Alan Duff: Dementia diagnosis hardest on families

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It has been insightful and rather disturbing to read the series of Herald articles on dementia and Alzheimer's afflicting former top rugby players.

The great Waka Nathan has stage two of an apparently milder form of dementia. His fellow All Black and close mate Mack Herewini had dementia five years before he died. A former teacher at my old school, Christchurch Boys' High, former All Black Tony Steel, is another victim.

Most of us know someone with one of these insidious diseases that select at random, but can run in families. Not that anything can necessarily be done to prevent it; one just starts drifting away, or the lights go out, one after the other.

The mothers or fathers of several people I know are in that twilight zone, unable to recognise their own children.

My paternal grandmother thought her eldest son my father was "the little boy from down the road".

Ronald Reagan in his last years had no idea he was once President of the United States.

The very thing that defines us, gives our personality, intelligence, spark, drive and flaws - the brain - is what fails some in their waning years, and for some it comes far too early. I saw a newsclip video a year or so ago of a woma0n supposedly far gone to dementia; her daughter lay in bed alongside her and asked did she know who she was. "Yes. You're ..."

Somehow, her mind plucked a memory from the mush and held it up like a diamond. More beautiful than sad. I have this vague memory of visiting my Maori grandmother at Tokanui Psychiatric Hospital when I was five, either giving her a chocolate bar or she gave one to me. In those days, dementia sufferers could be committed to hospital.

To share a personal memory slightly off the subject, I had a dream back in early 1992 of holding my dying father in my arms, crying out, "No. Not your beautiful brain."

If a brain can be so described (that's the language of dreams); his mind was certainly hugely curious about everything. It was a dream so vivid I drove from Hawkes Bay to Rotorua to see him. We had a chuckle about how affected I was by it. I confessed I'd brought a music tape of Russian choral music that I would play at his funeral which we both thought was a long way off. I witnessed a normally unemotional man teary-eyed at hearing the piece. In October that year he died of brain cancer.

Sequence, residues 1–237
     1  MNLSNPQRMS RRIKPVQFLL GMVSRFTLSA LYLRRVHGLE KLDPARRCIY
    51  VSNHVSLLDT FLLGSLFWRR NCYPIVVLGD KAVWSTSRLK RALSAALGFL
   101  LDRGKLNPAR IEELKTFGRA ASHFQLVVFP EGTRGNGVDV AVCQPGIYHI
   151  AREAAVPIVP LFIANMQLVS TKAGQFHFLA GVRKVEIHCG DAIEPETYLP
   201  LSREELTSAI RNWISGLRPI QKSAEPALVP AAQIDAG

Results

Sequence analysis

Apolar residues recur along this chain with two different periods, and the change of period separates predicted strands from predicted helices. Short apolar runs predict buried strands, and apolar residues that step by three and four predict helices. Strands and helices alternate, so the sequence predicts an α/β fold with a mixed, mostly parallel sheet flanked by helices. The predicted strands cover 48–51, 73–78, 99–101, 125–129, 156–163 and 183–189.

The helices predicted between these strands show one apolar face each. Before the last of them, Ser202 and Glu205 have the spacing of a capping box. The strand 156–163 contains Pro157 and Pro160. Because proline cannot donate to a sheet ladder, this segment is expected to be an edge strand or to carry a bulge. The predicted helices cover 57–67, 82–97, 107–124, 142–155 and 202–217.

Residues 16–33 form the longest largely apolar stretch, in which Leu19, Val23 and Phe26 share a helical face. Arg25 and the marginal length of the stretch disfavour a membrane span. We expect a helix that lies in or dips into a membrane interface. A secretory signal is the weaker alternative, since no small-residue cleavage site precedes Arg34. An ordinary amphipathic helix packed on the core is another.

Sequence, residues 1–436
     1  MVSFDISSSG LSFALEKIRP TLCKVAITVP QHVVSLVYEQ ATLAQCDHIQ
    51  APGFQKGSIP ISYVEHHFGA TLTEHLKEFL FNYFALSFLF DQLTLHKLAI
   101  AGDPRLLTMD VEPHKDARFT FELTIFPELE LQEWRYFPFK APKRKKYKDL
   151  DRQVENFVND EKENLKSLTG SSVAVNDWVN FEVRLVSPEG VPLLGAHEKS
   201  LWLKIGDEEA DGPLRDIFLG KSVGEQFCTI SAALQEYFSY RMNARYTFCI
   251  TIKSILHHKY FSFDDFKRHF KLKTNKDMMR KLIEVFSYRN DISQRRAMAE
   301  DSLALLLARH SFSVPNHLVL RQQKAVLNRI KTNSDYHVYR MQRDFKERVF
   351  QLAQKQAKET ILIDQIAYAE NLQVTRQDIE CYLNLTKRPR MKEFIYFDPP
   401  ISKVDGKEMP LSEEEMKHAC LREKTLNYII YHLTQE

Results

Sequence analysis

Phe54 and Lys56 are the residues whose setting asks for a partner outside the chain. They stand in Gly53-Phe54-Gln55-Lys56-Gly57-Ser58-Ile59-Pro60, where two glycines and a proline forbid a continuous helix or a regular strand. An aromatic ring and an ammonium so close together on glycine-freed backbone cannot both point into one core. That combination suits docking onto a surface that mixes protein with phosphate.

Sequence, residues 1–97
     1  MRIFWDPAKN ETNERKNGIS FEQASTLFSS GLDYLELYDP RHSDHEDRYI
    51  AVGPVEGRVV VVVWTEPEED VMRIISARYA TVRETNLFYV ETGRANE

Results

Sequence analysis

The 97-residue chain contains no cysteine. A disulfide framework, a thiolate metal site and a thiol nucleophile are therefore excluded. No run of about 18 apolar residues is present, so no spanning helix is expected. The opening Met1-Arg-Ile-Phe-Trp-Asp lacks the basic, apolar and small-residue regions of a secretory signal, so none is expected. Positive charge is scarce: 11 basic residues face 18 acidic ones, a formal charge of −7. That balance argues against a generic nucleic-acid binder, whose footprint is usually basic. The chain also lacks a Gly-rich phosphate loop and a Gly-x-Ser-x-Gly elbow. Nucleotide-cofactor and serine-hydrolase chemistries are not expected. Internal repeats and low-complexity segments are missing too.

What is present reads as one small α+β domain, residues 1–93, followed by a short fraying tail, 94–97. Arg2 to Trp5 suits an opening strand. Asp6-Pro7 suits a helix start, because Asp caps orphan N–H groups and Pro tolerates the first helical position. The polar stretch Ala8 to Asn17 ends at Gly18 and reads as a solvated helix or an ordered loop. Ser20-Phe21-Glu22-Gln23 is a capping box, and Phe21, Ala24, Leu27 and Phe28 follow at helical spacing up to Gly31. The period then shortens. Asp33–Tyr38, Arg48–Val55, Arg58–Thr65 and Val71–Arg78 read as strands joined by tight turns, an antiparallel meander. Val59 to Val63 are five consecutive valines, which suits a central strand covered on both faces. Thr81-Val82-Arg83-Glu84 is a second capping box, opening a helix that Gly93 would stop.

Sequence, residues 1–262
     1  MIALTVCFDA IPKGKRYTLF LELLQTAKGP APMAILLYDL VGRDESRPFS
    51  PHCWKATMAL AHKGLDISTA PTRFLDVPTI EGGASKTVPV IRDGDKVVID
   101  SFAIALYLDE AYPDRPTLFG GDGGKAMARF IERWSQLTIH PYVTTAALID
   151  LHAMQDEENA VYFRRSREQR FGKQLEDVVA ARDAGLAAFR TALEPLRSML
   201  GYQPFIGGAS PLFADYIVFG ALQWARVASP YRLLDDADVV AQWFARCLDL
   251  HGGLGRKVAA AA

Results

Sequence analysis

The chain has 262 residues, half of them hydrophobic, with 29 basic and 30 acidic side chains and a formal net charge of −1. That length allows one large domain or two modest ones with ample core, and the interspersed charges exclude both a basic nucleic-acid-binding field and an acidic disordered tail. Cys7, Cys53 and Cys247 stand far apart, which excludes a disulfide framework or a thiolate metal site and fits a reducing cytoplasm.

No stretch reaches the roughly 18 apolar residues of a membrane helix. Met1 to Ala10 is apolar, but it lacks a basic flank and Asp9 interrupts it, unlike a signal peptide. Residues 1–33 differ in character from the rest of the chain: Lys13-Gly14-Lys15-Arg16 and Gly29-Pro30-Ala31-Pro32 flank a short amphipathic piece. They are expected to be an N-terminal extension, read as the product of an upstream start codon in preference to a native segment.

All of us ask what would we do without: our eyes or our hearing or being confined to a wheelchair. I'd take blindness rather than a world of complete silence, though life in a wheelchair would be a tough adjustment.

Rarely, though, do we contemplate losing our mind. I guess the brain in its ordinary state can't comprehend such a thing. In my opinion the comfort is that, once dementia has set in, there's no suffering for the person affected. One is fully checked out, and there's no coming back from a world of basically functioning otherness declining to near nothingness. It is the family members who suffer.

It's not how I want to go, nor for my loved ones to have as last impression. Carry me out on a bed of books in a state where I have one last searing, lucid glimpse of the final blackness waiting at the end of some gloriously lit chamber or sky. Don't let me die not recognising my own children, wife, siblings, family members and friends.

But I'm at the age when that could happen. Decades ago, I agreed with my step-grandmother that if she lost her mind to dementia I'd help her end it. It was a casual, theoretical conversation, in which she'd scoffed at the notion of going to heaven and meeting up with my grandfather.

"How old will Oliver be? In life we had a 25-year age difference. Would we be back in that age-state when we first met and I was 28? But I don't want to be that age again: gullible, naive, rather unsophisticated, and definitely my husband's intellectual inferior."

She did not die with dementia, and I'm sure she's not in heaven.

When Gerard Manly Hopkins wrote the lines, "O, the mind, the mind has mountains, cliffs of fall. Frightful, sheer ...", he was in a state of personal despair.

What's sad about a mind taken by protein entanglements in the brain is an ever-growing darkness and a shutting down of awareness. A departure from being a meaningful human being. We don't wish it on any family.

The good news is a cure is becoming increasingly likely.

Debate on this article is now closed.

- NZ Herald

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